The United Auto Workers union is about to embark on one of the riskiest adventures in the 72 years since its founders won recognition from General Motors by turning a fire-hose on police during a strike in Flint, Michigan.
In what is less a victory than a coming-to-terms with reality, the union is likely to emerge as one of the biggest shareholders in the three Detroit carmakers: GM, Ford Motor and Chrysler.
It could end up with 55 per cent of Chrysler, 39 per cent of GM and a sizeable stake in Ford if it accepts shares rather than cash for a chunk of the companies’ contribution to new union-managed healthcare trusts, due to be set up next year.
The carmakers’ financial woes have forced them to back away from their 2007 promise to fund the trusts entirely with cash.
The prospect of union bosses in the boardroom has sent shivers down investors’ spines. The main front-page picture in the business section of Canada’s Globe and Mail newspaper on Wednesday showed a line of workers in blue jeans and T-shirts at a Chrysler plant in Detroit under the headline: “Meet the new board of directors”.
But the UAW’s ability to influence the groups will be more limited than the scale of its shareholdings suggests. Moreover, there is evidence that it will not wish to be an activist investor.
The UAW will receive only one seat on Chrysler’s board, and the Ford family will remain firmly in control of their company through multiple voting shares. The details of the GM deal have yet to be nailed down.
Furthermore, each fund, known as a Voluntary Employees’ Beneficiary Association (Veba), will be managed by independent trustees with a fiduciary responsibility to protect retirees’ benefits.
In keeping with the low profile that union leaders have maintained throughout their talks with the carmakers, the UAW has given no inkling of how it will behave as a shareholder. But union watchers predict that it will be less confrontational at the boardroom table than at the bargaining table.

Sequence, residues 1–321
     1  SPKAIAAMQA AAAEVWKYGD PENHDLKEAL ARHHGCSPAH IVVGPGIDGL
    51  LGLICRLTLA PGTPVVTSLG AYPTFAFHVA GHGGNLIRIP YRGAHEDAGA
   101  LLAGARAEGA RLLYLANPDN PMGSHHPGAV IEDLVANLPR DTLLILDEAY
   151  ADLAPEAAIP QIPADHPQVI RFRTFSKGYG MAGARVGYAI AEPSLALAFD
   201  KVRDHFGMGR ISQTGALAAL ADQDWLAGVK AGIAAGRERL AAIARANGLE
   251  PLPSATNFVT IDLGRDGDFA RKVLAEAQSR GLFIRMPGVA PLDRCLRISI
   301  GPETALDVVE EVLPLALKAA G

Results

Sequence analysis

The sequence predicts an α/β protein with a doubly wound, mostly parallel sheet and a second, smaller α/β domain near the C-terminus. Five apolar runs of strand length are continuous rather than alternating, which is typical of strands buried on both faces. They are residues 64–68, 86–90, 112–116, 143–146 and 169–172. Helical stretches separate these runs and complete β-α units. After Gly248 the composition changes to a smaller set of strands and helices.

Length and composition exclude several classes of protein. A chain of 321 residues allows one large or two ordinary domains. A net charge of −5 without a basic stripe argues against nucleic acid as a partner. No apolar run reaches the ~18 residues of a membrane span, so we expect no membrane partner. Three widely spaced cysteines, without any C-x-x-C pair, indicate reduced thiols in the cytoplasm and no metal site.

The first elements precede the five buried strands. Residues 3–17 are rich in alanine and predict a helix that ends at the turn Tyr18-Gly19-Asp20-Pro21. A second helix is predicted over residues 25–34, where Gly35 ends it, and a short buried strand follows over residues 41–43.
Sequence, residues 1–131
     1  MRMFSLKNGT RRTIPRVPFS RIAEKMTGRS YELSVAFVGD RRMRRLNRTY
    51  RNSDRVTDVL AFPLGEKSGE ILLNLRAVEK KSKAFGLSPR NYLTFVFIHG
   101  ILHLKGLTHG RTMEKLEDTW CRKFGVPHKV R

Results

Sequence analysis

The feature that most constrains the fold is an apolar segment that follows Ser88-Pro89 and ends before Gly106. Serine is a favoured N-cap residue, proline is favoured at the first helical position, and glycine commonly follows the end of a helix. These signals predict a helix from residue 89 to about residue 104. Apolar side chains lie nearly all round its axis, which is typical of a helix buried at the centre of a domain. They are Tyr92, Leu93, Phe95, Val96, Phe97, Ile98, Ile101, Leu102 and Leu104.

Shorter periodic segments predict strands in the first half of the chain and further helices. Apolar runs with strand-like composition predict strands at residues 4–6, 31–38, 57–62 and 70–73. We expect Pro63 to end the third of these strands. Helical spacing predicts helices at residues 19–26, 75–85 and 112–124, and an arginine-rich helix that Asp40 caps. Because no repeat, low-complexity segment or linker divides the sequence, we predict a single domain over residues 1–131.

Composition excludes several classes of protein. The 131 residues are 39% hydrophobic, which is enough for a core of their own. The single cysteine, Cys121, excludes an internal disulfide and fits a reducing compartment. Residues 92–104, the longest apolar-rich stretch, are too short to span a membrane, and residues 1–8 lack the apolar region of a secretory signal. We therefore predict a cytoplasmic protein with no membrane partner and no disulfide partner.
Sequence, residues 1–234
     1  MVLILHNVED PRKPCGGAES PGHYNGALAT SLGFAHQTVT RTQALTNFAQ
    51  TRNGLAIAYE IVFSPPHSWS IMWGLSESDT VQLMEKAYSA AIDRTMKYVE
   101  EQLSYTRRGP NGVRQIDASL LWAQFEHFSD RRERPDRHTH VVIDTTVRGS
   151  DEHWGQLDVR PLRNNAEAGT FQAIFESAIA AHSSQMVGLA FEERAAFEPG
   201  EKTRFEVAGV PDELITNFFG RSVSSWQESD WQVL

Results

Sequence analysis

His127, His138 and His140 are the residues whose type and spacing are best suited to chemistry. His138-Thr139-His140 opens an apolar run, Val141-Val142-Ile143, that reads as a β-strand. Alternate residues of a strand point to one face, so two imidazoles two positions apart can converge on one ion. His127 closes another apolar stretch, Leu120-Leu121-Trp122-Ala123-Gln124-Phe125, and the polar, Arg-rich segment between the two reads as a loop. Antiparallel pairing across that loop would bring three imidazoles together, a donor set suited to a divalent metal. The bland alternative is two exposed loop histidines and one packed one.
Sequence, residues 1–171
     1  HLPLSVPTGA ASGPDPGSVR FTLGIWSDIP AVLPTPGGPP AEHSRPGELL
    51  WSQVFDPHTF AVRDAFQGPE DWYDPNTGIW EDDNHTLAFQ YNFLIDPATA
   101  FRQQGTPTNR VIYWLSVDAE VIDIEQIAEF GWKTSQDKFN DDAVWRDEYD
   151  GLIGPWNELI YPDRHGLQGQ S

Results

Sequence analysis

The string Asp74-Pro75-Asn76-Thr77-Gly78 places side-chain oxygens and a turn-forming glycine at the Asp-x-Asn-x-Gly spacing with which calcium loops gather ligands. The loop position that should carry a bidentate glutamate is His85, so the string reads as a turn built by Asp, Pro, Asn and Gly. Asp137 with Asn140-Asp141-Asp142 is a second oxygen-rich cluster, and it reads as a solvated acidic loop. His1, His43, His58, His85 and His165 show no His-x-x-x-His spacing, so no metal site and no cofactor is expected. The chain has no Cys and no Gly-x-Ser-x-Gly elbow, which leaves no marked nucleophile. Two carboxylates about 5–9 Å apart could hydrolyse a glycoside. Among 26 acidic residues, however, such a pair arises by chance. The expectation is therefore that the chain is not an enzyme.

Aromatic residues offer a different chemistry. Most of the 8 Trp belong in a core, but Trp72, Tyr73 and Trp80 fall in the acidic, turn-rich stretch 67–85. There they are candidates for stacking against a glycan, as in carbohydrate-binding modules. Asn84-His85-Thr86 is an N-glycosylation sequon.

“I suspect that the union will find it a sobering responsibility”, says Peter Feuille, director of the Institute of Labour and Industrial Relations at the University of Illinois.
One reason is that the security of its members’ future healthcare benefits depend on the performance of the trusts and, to a large extent, on the value of the shares. John Russo, a labour professor at Youngstown State University in Ohio, explains: “If you’re the owner of the stock, you’re probably going to do everything possible to make the company profitable, because you have a direct interest in the enterprise”.
Ron Gettelfinger, the UAW president, is no stranger to the corporate world. He sat – uncomfortably, by most accounts – on the board of Daimler during the time that the German carmaker controlled Chrysler. The UAW has retained Lazard, the Wall Street investment bank, as a financial adviser for the past four years.
Mr Gettelfinger has taken a pragmatic approach as Detroit’s woes have deepened; often talking tough but retreating from once-sacrosanct principles to preserve jobs. The union has agreed to more flexible work practices and sweeping cuts in medical and other benefits.
The union lost 33,000 members last year, bringing its membership down to 431,000, the lowest since the second world war and less than a third of the 1970s peak.
Veba trustees in other sectors have made diversification a key element of their investment strategy. Should the managers of the GM, Ford and Chrysler trusts follow suit, they are likely to sell most if not all their shares when the carmakers are on the road to recovery. The big question is how long they will have to wait.